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I need to emulate a component that measures an input mechanically and varies resistance from 0 to infinity (a more detailed set of specs list it at 20-1,000ohms, though I'll have to actually check its true values myself once I have physical access to it).

My aim is to replace this troublesome mechanical component with a current (read as available and serviceable) component, and convert the signal from the new component into an emulated signal (varying resistance) from the old component.

I am not certain as to the resolution required (how big the steps can be), though it may be able to handle 50ohm 'leaps', just judging by the range of mechanical movement and my past experience with replacing similar mechanical systems with ready-made kits for conversions. I'd like to smooth the curve a whole lot more than 50ohm leaps though.

I have barely an idea where to begin on this. I thought maybe a resistor ladder and a set of transistors triggered by the arduino to connect into the different points in the line, though I suspect there has to be a better way to achieve a much better result (and I don't think I have enough outputs for that anyway).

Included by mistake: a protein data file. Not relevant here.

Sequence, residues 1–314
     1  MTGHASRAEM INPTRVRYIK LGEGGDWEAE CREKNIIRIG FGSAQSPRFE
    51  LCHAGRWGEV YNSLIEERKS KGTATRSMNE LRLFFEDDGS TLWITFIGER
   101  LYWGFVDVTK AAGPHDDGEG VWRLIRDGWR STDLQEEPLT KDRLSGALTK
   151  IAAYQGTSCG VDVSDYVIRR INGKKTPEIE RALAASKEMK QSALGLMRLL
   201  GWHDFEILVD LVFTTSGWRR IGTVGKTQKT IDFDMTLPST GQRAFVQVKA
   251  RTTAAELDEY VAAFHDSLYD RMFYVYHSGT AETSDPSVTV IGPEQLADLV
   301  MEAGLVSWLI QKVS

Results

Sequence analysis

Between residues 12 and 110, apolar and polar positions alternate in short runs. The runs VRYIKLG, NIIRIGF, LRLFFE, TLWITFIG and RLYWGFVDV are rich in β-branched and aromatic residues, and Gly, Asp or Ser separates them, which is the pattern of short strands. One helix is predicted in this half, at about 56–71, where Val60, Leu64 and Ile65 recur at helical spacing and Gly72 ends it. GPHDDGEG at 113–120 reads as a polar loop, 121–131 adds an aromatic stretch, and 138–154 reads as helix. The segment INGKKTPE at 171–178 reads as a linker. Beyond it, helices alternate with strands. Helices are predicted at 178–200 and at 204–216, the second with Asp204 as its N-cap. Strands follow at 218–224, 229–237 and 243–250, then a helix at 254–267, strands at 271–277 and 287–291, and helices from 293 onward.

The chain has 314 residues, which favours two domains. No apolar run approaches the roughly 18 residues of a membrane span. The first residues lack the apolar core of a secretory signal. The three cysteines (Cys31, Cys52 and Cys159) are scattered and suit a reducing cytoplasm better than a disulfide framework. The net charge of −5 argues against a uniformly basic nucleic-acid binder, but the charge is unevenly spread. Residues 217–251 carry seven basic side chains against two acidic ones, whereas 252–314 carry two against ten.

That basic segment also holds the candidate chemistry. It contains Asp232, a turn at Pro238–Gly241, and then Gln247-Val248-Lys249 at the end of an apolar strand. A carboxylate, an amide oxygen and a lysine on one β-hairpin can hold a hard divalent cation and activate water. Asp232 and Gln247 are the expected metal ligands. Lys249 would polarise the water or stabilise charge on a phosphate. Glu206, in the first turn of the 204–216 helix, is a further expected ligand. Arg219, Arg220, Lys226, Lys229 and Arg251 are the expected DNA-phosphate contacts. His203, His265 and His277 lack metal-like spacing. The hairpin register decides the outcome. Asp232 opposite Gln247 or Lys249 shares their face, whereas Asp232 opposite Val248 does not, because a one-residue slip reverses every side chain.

Is there a digital component that can vary its resistance using a PWM signal or maybe an analog signal from an arduino?

FYI, I greatly appreciate your input.

EDIT

The controller provides a constant voltage to the component, and the controller then looks at the ground (the voltage over a static resistor) I presume. It is an actual load.

I may be able to provide a variable voltage to the controller on its ground pin, though I have never seen that done on them before. I think that may be the trick, though the controller may(??) dislike it? I can try that.. The next best thing (only 2nd because it requires more components) would be the digital pot.

Anyone ever forged a return signal on a circuit thats supposed to supply its own constant voltage to a resistor type sensor?

  • The idea of using a servo to move a potentiometer came up, and that doesn't work because it cannot keep up (its too slow). – Eric Oct 11 '14 at 6:34
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    How is the resistance being used? is it an actual load? – BrettAM Oct 11 '14 at 6:50
  • Does your system really need a variable resistor, or is the variable resistor only used to generate a variable voltage. If the latter, you could just use a digital DAC. – Gerben Oct 11 '14 at 12:02
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What about a digital potentiometer Digital Pot

Many types available, generally controlled via a serial interface e.g SPI

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A JFET can act as a voltage-controlled resistor. It will need additional components if you require precision (a shunt resistor and a couple of op amps come to mind), but it should do. JFETs are rarer than they used to be, but still should be available for a few decades.

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